Using AI safely in skin cancer diagnosis

In recent weeks Health Secretary Steve Barclay has announced that the NHS should consider using robots to plug workforce shortages, as the risk of introducing new technologies needs to be judged against the negative impact of staff shortages. In my article on UK cancer care published in Lancet Oncology on 14 December 2022, the reasons why the UK has one of the worst cancer survival rates in OECD countries included an outdated IT infrastructure, inadequate investment in artificial intelligence and inefficient cancer pathways for diagnosis and treatment. 


On 6 December 2022, the British Association of Dermatologists wrote to their members to state that, despite long waiting times for skin cancer diagnosis in NHS and private sectors,  “there is currently no published and independently verified evidence to support the safe and effective use of an AI tool in the skin cancer diagnostic pathway in the NHS” and that current tele-dermatology models, based on lesion assessment by consultant skin cancer specialists, are more likely to triage patients to the correct pathway or discharge them back to the GP. So, how can we reconcile these opposing views, and, is there a way to safely assess newly developed skin cancer AI models within current tele-dermatology frameworks?


Check4Cancer, a UK private early cancer detection company, runs a very successful nurse led tele-dermatology pathway, with consultant skin lesion reporting, for patients with a suspicious skin lesion. With an extremely low onward referral rate (15%) for face-to-face consultation, and a biopsy rate close to 10%, this pathway has significantly reduced skin pathway costs as well as the number of unnecessary biopsies for the patients. With two grants from Innovate UK in 2022, and a Knowledge Transfer Partnership with the University of Essex, Check4Cancer plans to build an AI model using more than 70,000 skin lesion images and associated clinical data to partly automate the reporting process, by clearly identifying the lesions that are not malignant.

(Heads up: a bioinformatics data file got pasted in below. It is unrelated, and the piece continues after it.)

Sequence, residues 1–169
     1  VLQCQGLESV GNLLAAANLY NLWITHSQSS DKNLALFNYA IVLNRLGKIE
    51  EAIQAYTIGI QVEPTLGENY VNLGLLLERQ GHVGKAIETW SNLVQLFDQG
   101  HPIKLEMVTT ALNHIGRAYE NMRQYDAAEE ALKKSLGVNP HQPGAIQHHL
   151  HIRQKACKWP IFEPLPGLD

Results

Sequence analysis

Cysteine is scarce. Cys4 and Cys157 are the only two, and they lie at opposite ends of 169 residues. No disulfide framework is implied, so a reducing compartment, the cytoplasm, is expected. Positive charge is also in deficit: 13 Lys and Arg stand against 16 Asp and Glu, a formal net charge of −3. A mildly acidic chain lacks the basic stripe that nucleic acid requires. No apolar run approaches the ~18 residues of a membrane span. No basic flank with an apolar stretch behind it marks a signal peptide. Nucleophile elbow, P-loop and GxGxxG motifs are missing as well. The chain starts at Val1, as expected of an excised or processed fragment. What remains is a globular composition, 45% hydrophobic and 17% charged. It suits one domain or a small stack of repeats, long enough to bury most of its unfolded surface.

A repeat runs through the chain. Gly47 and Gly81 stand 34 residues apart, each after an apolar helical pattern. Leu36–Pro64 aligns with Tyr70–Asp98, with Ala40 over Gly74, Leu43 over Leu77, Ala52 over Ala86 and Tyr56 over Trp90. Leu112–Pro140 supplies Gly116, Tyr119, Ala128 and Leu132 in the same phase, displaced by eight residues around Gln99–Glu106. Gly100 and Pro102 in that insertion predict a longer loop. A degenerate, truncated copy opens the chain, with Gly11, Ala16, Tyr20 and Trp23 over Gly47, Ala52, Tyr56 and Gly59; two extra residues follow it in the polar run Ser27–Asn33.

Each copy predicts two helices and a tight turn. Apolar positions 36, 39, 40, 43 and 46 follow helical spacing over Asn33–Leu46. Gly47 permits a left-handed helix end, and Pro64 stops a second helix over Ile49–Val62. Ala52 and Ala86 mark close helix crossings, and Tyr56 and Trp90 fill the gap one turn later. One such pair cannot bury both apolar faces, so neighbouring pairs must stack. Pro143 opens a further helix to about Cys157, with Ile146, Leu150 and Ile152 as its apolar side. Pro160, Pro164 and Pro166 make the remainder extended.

The success of the AI model can be tested prospectively within the current tele-dermatology pathway in pilot studies in the private sector as well as the NHS before wider utilisation. If after rigorous testing, the AI model can accurately classify skin lesions that are clearly benign (not malignant), then the reporting process could be partly automated as a solution to reduce the current long waiting times for skin cancer diagnosis. This approach, where a healthcare provider develops and tests a new technology with academic partners against an existing clinical pathway, has a much greater chance of success than technology companies dabbling in healthcare and can be safely tested across many different cancer pathways before implementation is considered. In this way, we can safely introduce new technologies to speed up cancer diagnosis to improve early cancer detection and cancer survival in the UK.


Professor Gordon Wishart is Chief Medical Officer at Check4Cancer and Visiting Professor of Cancer Surgery at Anglia Ruskin University